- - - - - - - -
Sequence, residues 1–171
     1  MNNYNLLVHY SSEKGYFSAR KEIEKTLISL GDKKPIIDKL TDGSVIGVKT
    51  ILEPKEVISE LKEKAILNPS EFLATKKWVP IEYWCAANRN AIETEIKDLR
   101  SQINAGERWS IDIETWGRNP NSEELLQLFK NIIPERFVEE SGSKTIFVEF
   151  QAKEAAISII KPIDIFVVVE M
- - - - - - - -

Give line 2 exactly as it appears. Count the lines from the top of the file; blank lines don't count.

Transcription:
     1  MNNYNLLVHY SSEKGYFSAR KEIEKTLISL GDKKPIIDKL TDGSVIGVKT